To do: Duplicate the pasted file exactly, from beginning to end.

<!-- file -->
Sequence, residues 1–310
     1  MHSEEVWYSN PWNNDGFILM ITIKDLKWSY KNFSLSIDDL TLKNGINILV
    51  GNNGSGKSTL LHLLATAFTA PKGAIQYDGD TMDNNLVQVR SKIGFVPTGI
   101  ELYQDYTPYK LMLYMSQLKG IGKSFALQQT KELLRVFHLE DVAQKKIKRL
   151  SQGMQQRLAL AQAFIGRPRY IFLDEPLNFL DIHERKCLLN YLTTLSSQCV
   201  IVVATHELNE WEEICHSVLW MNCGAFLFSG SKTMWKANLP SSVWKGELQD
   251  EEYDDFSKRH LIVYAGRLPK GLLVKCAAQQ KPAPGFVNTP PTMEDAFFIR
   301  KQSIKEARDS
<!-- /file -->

Sequence, residues 1–310
     1  MHSEEVWYSN PWNNDGFILM ITIKDLKWSY KNFSLSIDDL TLKNGINILV
    51  GNNGSGKSTL LHLLATAFTA PKGAIQYDGD TMDNNLVQVR SKIGFVPTGI
   101  ELYQDYTPYK LMLYMSQLKG IGKSFALQQT KELLRVFHLE DVAQKKIKRL
   151  SQGMQQRLAL AQAFIGRPRY IFLDEPLNFL DIHERKCLLN YLTTLSSQCV
   201  IVVATHELNE WEEICHSVLW MNCGAFLFSG SKTMWKANLP SSVWKGELQD
   251  EEYDDFSKRH LIVYAGRLPK GLLVKCAAQQ KPAPGFVNTP PTMEDAFFIR
   301  KQSIKEARDS